Two takes on war at Tanglewood

Haydn's "Nelson" mass - superbly performed Saturday at Tanglewoo0d by the BSO under Herbert Blomstedt - is full of wonderful, sometimes pictorial moments. The 100-strong Tanglewood Festival chorus, prepared by director James Burton, sang with beauty and unforced strength throughout, sounding perhaps more homogeneous than in the past. Soprano Hannah Morrison, mezzo-soprano Elisabeth Kulman, tenor Nicholas Phan and baritone Michael Nag

LENOX — Leonard Bernstein spoke ardently and tirelessly against war and for love and peace. He had surprising company in the plea Saturday night at Tanglewood.

In what at first seemed like a programming mismatch, the Boston Symphony Orchestra followed Bernstein's "Halil," a flute concerto, with Haydn's "Lord Nelson" Mass. "Halil" is a threnody for an Israeli soldier, Yadin Tenenbaum, killed in the 1973 Arab-Israeli war. It is dedicated "To the Spirit of Yadin and his Fallen Brothers."

The "Nelson" mass (formally, Missa in angustiis, or Mass in constricted [times]), on the other hand, was composed when Vienna was under attack in the Napoleonic wars and is full of martial flourishes. Legend has it that the work celebrates Lord Nelson's defeat of the French fleet. The closing Dona nobis becomes a plea for peace in heaven and on earth.

Both works, superbly performed by the BSO under Herbert Blomstedt, were a tribute to Bernstein on his centenary —- "Halil" because he composed it and led the first BSO performance, in 1981; the Haydn mass because Bernstein had led the last previous Tanglewood performance, in 1977. There were, in fact, a few years back then when the Haydn masses — splendid works — found favor at Tanglewood. Tastes change. A lot of the Shed emptied Saturday for the mass, the evening's finale.

Principal flutist Elizabeth Rowe eloquently evoked Yadin's spirit as the soloist in "Halil" (the name means flute in Hebrew). In music that ranges from atonal anger to mournful song, the 17-minute "nocturne" often pits the flute against percussion, sometimes cataclysmic, sometimes only a background rustle of timpani. The BSO deployed six percussionists for the task. (Was John Williams thinking of this music when he wrote the soundtrack for "Schindler's List"?)

The "Nelson" mass is full of wonderful, sometimes pictorial moments, such as the soprano and bass soloists joining in a plea for mercy while, in the background, the chorus fervently enlarges upon the plea. The 82-strong Tanglewood Festival chorus, prepared by director James Burton, sang with beauty and unforced strength throughout, sounding perhaps more homogeneous than in the past.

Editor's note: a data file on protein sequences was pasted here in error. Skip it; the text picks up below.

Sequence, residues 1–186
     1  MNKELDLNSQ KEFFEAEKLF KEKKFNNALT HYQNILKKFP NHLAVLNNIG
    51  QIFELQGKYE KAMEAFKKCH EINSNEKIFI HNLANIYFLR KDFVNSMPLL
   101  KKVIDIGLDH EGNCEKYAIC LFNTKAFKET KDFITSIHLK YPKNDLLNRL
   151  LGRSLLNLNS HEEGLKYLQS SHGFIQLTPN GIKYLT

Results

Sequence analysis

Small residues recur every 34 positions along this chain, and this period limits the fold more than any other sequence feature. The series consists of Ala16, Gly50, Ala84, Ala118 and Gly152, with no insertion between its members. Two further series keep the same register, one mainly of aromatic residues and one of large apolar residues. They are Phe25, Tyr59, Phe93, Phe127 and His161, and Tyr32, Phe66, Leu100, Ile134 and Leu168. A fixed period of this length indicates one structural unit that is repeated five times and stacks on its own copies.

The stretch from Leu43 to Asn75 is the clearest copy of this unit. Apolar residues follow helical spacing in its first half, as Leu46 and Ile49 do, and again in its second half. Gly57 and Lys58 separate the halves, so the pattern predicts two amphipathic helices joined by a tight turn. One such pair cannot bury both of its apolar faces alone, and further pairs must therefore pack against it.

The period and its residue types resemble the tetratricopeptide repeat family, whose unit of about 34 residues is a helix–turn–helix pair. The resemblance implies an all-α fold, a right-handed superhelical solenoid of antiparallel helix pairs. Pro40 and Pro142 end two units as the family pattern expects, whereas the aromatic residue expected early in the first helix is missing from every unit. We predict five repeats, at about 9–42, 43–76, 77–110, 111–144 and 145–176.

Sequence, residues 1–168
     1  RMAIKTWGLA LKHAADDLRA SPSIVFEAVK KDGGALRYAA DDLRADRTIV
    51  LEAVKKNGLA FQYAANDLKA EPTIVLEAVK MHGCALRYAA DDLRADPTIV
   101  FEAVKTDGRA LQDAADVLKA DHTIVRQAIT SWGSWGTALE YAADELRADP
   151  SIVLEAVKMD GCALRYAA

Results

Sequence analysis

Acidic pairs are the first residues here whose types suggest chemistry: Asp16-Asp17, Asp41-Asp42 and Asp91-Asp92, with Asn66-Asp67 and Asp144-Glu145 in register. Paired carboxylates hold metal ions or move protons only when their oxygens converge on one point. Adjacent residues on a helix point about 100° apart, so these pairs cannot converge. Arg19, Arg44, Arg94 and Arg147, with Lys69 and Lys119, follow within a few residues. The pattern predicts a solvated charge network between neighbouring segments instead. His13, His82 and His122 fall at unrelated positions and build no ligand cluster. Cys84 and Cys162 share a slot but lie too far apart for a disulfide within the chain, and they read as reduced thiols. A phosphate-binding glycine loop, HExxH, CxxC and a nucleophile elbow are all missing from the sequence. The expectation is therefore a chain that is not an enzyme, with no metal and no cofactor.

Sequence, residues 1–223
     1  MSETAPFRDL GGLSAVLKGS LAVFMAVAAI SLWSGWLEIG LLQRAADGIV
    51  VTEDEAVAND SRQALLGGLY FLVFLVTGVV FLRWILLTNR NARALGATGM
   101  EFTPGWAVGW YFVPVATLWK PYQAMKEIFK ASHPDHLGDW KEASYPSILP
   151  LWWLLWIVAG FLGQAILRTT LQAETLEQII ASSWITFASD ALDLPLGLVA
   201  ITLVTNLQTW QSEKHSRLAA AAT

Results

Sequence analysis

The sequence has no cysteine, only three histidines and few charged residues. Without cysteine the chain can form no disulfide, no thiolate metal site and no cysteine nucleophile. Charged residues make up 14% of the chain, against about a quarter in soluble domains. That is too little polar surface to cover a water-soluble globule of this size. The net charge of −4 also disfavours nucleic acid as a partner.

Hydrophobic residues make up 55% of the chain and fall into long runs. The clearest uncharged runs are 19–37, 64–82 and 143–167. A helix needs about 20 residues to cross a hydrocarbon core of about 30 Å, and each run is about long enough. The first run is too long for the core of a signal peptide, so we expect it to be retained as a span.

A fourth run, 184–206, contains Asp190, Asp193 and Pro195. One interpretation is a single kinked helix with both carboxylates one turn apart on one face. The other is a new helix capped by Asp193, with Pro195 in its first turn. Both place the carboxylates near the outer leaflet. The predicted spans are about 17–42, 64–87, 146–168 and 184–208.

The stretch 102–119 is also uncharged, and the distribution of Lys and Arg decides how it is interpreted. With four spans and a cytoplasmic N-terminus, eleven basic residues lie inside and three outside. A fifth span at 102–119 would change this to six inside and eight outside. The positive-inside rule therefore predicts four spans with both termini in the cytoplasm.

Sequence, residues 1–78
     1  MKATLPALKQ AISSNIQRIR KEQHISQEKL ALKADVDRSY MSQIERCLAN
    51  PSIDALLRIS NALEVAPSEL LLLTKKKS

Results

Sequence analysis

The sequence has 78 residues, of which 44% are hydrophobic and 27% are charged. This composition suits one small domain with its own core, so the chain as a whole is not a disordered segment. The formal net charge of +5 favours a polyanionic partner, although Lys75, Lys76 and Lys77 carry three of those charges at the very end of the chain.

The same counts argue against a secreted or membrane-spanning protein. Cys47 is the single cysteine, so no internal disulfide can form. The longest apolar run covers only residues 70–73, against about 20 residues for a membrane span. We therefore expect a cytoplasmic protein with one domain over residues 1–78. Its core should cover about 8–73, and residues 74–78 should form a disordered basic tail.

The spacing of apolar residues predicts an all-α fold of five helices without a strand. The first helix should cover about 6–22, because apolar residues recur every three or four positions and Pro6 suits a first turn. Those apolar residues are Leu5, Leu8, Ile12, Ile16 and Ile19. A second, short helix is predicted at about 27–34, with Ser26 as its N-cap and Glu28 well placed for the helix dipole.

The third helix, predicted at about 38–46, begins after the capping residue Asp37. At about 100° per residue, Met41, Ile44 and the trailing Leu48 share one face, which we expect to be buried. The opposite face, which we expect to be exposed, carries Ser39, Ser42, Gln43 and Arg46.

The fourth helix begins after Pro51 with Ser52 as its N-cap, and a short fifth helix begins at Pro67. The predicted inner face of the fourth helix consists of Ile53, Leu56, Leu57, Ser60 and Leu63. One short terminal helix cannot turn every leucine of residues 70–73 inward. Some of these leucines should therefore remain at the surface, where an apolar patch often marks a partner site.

Soprano Hannah Morrison, mezzo-soprano Elisabeth Kulman, tenor Nicholas Phan and baritone Michael Nagy sang capably as the solo quartet, Morrison's clarion soprano tending to turn shrill in the higher reaches. The program opened with a spirited account of Mozart's Symphony No. 34, which offered martial touches of its own.

Friday's all-Mozart program, also led by Blomstedt, was a modest affair, on the short side in duration. Returning from last week's all-Mozart recital with violinist Pamela Frank, pianist Emanuel Ax played the Piano Concerto No. 17 in G, one of Mozart's happiest, with genial spirits. Blomstedt closed with the "Jupiter" Symphony (No. 41), keeping a steady hand on tempos and rhythms and slightly underplaying the symphony's martial brilliance. In both concerts, he used a reduced orchestra and divided the violin sections in the 18th-century seating style.

As the speaker in the Talks and Walks series last week, the 91-year-old Blomstedt was asked how he kept himself healthy and active.

It has nothing to do with nicotine or alcohol, he told the audience, made up mostly of seniors. Rather, he keeps busy at what he loves - conducting. The Swedish conductor (actually born in nearby Springfield) surely put his credo to work into practice in his pair of concerts.

For the soloist, Sibelius' Violin Concerto is probably the most technically difficult of all the great concertos for violin. For the listener, it is the saddest and loneliest, imbued with the solitude of Finland's north woods.

As soloist with the BSO under Thomas Ades on Sunday, the adventurous Christian Tetzlaff mastered the technical hurdles as if they were no challenge. Interpretively, he went against the grain, avoiding any emotional overlay and going for purity of line and phrase.

This was both gain and loss. It was good to hear what lies behind those sometimes questing, sometimes tortured lines. Yet questing and torture seem inherent in the music, if only by tradition. There seemed a distance between music and listener.

Still, this was a performance with power and integrity, powerfully supported by the BSO under its artistic partner. The English Ades' title is a way of saying he has been with the BSO two years as composer, conductor and pianist, and has excelled in all fields. He again demonstrated in his interpretive vision and leadership on the hot, humid Sunday afternoon.                                                                                                                                                      

As composer, Ades conducted his own suite from his satirical opera "Powder Her Face." With squalling brass, groaning saxes, Jazz Age stuff and other rude noises, the rambunctious opera and suite tell the story of the naughty Duchess of Argyll, who is still trying to seduce men at 78. At 25 minutes, the raucous story-telling was good fun but went on a little long.                                                                                                                                                 

The concert ended with Sibelius' Symphony No. 5. When final triumph emerged from all the tremolo strings, long buildups and calls from afar, you knew: you had heard the BSO in full sonic glory.